The top five most influential mathematicians

by Kevin on April 7, 2009

Who are the top five most influential mathematicians? I have five in mind that are important and are helpful when teaching math as related to MathCounts. Many students do not know of any mathematicians and I think it is important to teach some of the more important and influential mathematicians. It is also possible to study some of the lesser known but just as important mathematicians, but that would be for a more advanced class. I usually have the students learn some basic facts and the date of birth using the Peg System. Here are my top five. What do you think?

1. Carl Friedrich Gauss 1777-1855

Gauss is the undisputed champ in my book. His great genius was demonstrated at a young age. When he was in school, his teacher gave the class a task that he thought would take a long time to complete. His task was to sum the first 100 numbers. Gauss completed the task in a very short time. Much later, when the teacher checked the answers, Gauss had the correct answer. He summed the first hundred numbers not by addition, but by multiplication. He found that there are 50 pairs of 101. And 50 x 101 = 5050. He would always tell this story later in his life on how he was the first to complete the task.

He did not publish much and his motto of  ” few, but ripe” reflected his style of not publishing his mathematics until it was polished to perfection. Many times, other mathematicians would publish their findings and Gauss would say that he already knew about it. His work in number theory has shaped the way it is presented today.

2. Archimedes  cira 287-212 B.C.

Archimedes spent most of his productive years in Syracuse. Many engineering students  know him for his mechanical contraptions such as the screw pump, a claw that could flip a ship, and the heat ray that would use mirrors to burn a hole in a ship and sink it. In mathematics, he gave very close approximations of pi. Archimedes was always more interested in the theoretical studies than the more practical applications of his inventions. He died when a Roman soldier killed him after Archimedes refused to move away from his geometry problem that he was working on in the sand with a stick.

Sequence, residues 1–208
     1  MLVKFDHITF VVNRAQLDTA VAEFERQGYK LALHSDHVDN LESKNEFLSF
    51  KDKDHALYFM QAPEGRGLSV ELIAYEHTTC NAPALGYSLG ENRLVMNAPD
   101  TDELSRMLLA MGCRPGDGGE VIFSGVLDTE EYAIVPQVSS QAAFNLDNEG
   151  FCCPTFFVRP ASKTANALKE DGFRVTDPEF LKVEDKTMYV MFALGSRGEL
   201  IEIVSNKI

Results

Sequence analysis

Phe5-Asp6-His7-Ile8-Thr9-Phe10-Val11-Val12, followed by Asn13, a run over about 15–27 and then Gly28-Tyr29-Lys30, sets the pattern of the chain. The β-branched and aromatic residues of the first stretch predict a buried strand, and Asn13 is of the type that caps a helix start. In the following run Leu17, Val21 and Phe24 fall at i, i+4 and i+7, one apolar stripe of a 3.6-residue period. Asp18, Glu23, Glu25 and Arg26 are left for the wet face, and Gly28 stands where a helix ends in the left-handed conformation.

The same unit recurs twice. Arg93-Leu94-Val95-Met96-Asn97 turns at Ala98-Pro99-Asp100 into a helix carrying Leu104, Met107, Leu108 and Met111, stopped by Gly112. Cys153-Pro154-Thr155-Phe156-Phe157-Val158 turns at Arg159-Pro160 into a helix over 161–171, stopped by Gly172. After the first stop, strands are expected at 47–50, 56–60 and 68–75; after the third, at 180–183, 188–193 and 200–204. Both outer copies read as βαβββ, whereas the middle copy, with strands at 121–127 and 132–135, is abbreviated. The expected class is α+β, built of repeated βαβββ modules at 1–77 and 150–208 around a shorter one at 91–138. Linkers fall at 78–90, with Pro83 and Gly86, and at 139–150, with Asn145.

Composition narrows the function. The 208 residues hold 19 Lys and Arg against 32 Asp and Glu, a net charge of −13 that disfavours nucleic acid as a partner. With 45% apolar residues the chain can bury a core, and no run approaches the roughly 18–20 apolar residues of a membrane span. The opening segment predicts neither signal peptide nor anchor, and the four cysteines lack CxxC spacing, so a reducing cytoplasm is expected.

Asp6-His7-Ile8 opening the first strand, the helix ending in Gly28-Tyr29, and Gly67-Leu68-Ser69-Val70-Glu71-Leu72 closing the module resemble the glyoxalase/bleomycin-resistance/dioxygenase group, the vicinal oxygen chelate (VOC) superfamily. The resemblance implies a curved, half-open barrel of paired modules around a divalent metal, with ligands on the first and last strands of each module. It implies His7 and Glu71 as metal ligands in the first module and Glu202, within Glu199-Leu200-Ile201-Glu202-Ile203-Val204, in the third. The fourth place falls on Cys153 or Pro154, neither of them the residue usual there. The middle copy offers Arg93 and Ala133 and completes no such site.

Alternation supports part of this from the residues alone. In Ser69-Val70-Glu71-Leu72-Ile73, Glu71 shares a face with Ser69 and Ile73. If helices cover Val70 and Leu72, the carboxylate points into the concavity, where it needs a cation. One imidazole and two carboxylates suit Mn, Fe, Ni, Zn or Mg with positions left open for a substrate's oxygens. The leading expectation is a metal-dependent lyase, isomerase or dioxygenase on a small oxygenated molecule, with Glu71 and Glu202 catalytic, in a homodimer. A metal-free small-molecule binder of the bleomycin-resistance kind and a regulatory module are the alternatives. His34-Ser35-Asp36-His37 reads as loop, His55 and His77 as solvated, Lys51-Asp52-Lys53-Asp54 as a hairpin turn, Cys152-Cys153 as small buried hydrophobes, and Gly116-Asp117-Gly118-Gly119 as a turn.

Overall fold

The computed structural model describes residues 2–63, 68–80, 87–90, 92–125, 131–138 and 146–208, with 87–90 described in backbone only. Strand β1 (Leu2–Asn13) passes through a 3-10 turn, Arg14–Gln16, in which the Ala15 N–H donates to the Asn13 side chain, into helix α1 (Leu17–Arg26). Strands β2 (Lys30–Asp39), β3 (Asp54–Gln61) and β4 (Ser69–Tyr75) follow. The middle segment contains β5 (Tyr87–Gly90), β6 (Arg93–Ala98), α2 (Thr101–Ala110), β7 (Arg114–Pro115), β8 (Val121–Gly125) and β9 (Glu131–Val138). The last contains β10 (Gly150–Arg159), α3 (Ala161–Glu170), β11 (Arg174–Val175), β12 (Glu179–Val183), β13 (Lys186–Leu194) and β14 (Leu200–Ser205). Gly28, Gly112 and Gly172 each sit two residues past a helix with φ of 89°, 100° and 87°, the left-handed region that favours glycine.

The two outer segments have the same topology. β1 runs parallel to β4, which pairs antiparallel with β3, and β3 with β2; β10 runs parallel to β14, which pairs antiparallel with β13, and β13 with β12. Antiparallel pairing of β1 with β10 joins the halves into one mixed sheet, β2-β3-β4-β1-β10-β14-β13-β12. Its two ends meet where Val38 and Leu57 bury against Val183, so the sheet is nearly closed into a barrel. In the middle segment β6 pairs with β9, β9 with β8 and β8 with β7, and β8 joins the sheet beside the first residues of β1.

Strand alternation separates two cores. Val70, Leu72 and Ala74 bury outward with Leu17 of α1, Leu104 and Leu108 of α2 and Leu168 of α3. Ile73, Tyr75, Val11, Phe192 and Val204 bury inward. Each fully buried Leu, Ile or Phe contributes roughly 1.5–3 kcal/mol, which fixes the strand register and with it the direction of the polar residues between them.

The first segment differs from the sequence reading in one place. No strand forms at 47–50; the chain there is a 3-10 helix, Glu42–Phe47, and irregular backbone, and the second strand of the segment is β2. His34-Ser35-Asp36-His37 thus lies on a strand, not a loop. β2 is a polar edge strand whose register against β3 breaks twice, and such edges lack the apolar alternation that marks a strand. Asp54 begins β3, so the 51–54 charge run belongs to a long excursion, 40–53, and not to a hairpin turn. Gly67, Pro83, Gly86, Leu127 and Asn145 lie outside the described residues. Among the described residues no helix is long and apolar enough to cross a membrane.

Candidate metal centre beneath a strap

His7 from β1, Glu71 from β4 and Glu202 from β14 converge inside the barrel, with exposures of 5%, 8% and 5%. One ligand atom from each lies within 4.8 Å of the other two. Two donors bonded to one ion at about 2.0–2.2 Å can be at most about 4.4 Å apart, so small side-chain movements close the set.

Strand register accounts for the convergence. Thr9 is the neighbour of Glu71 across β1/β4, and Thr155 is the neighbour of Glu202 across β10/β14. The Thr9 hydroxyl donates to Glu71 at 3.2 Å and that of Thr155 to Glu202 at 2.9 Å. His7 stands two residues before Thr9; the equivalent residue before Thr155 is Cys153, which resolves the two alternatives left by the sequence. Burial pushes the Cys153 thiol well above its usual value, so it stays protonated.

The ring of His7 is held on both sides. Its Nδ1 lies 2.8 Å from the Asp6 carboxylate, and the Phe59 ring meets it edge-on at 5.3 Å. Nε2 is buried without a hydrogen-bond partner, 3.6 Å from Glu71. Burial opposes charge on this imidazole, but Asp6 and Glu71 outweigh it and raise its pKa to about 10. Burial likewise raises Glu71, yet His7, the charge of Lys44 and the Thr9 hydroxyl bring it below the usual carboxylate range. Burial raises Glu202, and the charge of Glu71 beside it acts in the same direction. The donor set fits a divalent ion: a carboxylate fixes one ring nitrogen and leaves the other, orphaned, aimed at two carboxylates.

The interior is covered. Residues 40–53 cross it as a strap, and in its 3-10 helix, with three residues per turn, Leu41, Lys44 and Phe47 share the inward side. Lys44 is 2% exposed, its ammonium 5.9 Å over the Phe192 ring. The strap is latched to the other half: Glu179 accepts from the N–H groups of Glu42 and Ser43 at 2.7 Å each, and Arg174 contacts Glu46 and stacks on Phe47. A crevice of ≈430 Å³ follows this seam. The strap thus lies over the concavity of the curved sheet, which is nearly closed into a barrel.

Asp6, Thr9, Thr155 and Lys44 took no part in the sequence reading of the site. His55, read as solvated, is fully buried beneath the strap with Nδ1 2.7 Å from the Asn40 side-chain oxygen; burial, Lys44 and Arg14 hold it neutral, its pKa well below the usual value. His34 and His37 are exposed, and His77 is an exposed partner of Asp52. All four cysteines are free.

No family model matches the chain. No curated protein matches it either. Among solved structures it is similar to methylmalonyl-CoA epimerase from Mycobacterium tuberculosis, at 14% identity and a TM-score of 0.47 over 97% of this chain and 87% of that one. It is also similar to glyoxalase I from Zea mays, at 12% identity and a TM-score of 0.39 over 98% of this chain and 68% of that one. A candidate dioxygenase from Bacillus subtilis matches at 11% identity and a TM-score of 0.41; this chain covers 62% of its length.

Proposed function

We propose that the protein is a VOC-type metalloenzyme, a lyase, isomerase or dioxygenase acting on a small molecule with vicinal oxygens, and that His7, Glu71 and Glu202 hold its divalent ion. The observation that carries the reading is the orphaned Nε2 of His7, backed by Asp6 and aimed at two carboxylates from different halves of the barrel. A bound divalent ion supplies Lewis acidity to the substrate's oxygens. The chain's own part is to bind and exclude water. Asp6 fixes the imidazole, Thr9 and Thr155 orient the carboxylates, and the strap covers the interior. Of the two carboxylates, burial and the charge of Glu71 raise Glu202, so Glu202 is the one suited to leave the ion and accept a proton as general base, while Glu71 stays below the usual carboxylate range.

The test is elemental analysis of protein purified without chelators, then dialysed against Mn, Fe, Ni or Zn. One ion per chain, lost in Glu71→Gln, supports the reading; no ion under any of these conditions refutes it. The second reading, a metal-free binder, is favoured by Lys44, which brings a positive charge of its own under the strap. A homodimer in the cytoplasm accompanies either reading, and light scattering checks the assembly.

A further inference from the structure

3. Newton 1643-1727

Newton gave us Newton’s laws of motion and of universal gravitation. He, along with Leibniz, developed  calculus. Many topics in physical science and math are related to Newton and all of his discoveries.

4. Bernhard Riemann 1826-1866

Riemann’s paper, published in 1859,  titled ” On the Number of Prime Numbers Less Than a Given Quantity” has sparked much interest and research into the question of how the prime numbers are structured. This is the greatest unsolved mathematics problem and students are real interested to know what the problem is about. This is a very interesting topic for a club like MathCounts were number theory and prime numbers come up all the time. I recommend the book Prime Obsession by John Derbyshire for a interesting read with some good history and mathematics.

5. Paul Erdos 1913-1996

Erdos was an interesting mathematician. He was very social and always tried to work with others. He was the opposite of Gauss who liked to work alone. He called young students “epsilons”, which means a little. He would give challenges to students to prove small theorems and pay them if they could prove it. He liked to travel around the world to work with other mathematicians and would say ” another roof, another proof”. His whole life was mathematics. He did not know how to drive or even how to do his laundry. He hated to waste time on anything but mathematics. Others who have published with him are given an Erdos number. The lower the number, the more directly related to working with him you are. I wish I had met him.